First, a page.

Anyone looking for information on epilepsy will find the Web to be a great source of information. The country’s top epilepsy research and advocacy organizations and the Web’s top consumer health Web sites, as well as the federal government, make getting the facts you need a cinch. Use this Web guide to learn about the basics of epilepsy, how to cope with it, how to find a support community, and more.
Epilepsy is a condition in which a person experiences repeated seizures that are electrical ... read more »
Epilepsy’s main symptom is repeated seizures, but doctors use a variety of tests to diagnose ... read more »
Life with epilepsy can pose a number of challenges. Depending on the condition’s severity, ... read more »
Epilepsy is a relatively common disorder: more than 3 million people in America are affected by it and seizures, and the Epilepsy Foundation estimates that as many as 10 percent of American adults will have a seizure at some point in their lives. On the Web, there are many blogs and forums where people share their thoughts and emotions. Find almost any experience, from an adult with epilepsy to a parent caring for a child with it.
- On the Web, epilepsy is commonly written using the abbreviation “E.”
- Support sites, forums, message boards, and chat rooms can all be used as support outlets. Some support groups and boards are moderated, others are not. Moderated Web sites are usually run by volunteers who are familiar with the particular issue and can ensure that the board conversations don't go off track. Unmoderated boards can be very useful, but beware that there may be people with an agenda different from yours. Always use caution when chatting on the Web.
For forums …
Coping With Epilepsy
is a series of forums that require free registration to post messages: “The Loft
” is a place for teenagers, and “Riva’s Memorial
” is a forum for remembering those who have died from seizure-related disorders. There is also a blog
about a mother who was diagnosed with epilepsy at age 8.
The Epilepsy Foundation
has a “Teens & Epilepsy” forum. Look for threads about medication, exercise, college, making friends, and headaches.
For blogs …
E. is for Epilepsy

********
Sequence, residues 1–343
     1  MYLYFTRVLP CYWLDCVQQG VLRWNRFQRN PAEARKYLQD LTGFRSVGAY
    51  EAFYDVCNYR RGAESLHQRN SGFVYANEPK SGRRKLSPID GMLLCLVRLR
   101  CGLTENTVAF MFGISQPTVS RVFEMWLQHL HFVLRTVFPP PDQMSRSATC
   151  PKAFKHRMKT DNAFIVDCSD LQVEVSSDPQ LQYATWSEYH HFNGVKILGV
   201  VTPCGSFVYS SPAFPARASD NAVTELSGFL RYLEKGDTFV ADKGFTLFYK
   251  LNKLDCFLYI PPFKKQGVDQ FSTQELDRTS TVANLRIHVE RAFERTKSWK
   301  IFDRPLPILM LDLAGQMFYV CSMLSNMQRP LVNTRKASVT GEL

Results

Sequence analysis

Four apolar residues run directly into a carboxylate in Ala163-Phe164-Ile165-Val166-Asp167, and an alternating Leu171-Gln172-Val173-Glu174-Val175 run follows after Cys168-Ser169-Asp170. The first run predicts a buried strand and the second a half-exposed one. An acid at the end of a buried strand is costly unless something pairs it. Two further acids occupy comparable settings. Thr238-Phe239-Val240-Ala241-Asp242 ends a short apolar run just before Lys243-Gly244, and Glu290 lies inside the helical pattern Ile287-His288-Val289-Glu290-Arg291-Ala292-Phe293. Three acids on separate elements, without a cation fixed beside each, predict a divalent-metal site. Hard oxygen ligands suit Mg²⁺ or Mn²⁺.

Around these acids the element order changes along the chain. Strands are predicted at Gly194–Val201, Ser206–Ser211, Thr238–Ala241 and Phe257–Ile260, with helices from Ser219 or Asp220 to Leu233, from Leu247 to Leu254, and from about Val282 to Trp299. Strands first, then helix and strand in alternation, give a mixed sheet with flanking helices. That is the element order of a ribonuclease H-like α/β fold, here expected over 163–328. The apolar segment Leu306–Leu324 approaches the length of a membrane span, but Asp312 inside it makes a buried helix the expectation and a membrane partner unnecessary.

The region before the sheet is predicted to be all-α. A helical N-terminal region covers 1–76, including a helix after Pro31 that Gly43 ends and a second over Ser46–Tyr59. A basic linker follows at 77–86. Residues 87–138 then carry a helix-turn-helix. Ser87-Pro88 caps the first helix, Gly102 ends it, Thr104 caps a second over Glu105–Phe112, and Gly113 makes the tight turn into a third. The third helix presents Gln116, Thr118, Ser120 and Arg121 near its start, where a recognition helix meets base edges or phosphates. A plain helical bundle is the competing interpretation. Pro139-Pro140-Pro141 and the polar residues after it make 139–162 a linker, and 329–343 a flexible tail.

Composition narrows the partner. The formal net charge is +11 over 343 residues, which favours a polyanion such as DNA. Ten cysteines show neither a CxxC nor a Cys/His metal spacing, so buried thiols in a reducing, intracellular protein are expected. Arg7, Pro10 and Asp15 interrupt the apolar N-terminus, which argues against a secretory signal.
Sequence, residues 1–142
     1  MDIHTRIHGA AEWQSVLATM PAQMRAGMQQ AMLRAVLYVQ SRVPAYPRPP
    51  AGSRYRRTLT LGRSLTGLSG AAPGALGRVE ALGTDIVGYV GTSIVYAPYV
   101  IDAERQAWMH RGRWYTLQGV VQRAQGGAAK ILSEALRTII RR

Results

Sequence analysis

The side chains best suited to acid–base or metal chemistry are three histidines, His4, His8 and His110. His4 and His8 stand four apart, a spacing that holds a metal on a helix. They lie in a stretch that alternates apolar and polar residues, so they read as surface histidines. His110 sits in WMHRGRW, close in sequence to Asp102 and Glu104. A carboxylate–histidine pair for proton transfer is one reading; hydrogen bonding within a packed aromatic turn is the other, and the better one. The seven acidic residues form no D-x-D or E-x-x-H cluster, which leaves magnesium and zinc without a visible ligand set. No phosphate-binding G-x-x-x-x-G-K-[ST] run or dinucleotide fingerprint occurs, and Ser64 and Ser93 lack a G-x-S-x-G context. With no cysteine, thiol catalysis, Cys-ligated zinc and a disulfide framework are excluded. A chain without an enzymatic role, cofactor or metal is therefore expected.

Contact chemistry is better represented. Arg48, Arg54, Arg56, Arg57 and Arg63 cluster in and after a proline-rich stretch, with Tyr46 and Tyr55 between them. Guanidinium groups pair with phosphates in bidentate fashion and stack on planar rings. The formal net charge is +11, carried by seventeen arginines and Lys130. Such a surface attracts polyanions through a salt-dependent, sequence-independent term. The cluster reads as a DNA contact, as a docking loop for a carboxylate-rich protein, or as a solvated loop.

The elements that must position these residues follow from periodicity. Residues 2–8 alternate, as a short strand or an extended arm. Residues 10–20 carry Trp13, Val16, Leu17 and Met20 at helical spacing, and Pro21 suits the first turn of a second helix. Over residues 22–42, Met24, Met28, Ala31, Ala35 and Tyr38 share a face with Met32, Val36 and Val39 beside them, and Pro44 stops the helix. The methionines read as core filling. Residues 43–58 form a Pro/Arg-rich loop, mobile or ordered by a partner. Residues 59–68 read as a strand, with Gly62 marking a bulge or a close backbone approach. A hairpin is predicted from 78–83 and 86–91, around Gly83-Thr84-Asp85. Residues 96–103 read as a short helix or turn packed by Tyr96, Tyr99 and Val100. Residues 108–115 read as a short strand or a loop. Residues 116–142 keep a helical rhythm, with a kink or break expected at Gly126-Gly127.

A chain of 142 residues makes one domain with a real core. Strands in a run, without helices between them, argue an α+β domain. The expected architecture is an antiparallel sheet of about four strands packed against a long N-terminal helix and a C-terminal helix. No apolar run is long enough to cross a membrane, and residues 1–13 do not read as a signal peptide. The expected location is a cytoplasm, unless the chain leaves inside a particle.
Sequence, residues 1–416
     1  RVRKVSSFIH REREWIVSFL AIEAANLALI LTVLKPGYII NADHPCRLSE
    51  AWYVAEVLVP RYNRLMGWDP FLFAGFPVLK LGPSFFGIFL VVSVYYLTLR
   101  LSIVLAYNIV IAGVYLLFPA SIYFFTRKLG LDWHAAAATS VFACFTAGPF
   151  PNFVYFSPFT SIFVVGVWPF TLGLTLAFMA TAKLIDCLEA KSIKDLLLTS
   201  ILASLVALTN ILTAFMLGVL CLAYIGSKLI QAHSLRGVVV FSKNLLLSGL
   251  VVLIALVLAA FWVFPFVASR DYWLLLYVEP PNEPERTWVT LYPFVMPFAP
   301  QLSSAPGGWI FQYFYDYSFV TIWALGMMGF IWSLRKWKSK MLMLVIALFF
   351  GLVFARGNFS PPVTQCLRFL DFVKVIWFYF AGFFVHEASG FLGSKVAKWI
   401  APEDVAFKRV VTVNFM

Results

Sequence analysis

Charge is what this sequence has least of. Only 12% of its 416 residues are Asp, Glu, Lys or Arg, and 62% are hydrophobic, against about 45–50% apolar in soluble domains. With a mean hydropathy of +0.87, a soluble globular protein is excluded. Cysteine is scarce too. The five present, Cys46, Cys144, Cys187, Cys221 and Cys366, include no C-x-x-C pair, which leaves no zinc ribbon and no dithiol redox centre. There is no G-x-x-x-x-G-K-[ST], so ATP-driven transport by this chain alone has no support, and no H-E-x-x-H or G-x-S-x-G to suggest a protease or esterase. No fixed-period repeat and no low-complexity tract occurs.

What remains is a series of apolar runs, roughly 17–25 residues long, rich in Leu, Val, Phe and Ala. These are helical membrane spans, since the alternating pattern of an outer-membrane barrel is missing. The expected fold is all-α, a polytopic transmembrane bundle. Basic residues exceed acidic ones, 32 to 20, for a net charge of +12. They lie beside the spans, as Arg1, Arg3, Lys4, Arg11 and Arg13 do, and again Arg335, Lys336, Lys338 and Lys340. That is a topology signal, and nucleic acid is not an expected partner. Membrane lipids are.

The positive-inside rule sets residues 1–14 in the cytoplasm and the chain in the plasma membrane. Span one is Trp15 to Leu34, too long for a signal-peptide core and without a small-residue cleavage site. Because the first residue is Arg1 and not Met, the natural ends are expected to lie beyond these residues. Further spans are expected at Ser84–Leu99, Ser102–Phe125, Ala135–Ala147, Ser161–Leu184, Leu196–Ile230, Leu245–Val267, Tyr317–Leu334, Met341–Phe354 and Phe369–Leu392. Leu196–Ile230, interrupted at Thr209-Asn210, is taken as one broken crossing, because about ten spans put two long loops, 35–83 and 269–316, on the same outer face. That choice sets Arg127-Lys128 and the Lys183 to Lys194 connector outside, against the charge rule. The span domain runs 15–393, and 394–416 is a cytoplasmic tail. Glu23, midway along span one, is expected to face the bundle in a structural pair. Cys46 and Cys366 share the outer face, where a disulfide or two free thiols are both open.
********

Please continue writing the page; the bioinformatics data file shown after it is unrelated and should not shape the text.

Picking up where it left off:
is written by a California woman who was diagnosed with epilepsy more than 50 years ago. She encourages epilepsy education to remove any stigma associated with the condition.
Epilepsy in a Nutshell
is written by a University of Toronto graduate student whose Ph.D. thesis is on the ketogenic diet. Read his posts for discussions of new medications, sudden unexplained death in epilepsy (SUDEP), and advocacy events.
The Diary of a New Mum with Epilepsy
is about a woman with epilepsy who lives in Great Britain with her husband and infant. Read about her experience with epilepsy during her pregnancy and motherhood.
For parents’ support …
is a listserv run by Parents Against Childhood Epilepsy, Inc. Listservs are email groups in which a person sends an email to one address, and it is distributed simultaneously to that list’s subscribers. Join the listserv for free and then browse the email archives, too.
To find local resources …
The Epilepsy Foundation
has a list of Epilepsy Foundation affiliates around the country. Look at the top left-side of the page, in the box that says “Community Connections.” Some states have only one affiliate, or none at all, and others have a few. The programs offered by the affiliates vary, but could include children’s camps, support groups, public education, and independent living opportunities.
Epilepsy is an extensively researched condition. On the National Institutes of Health’s ... read more »
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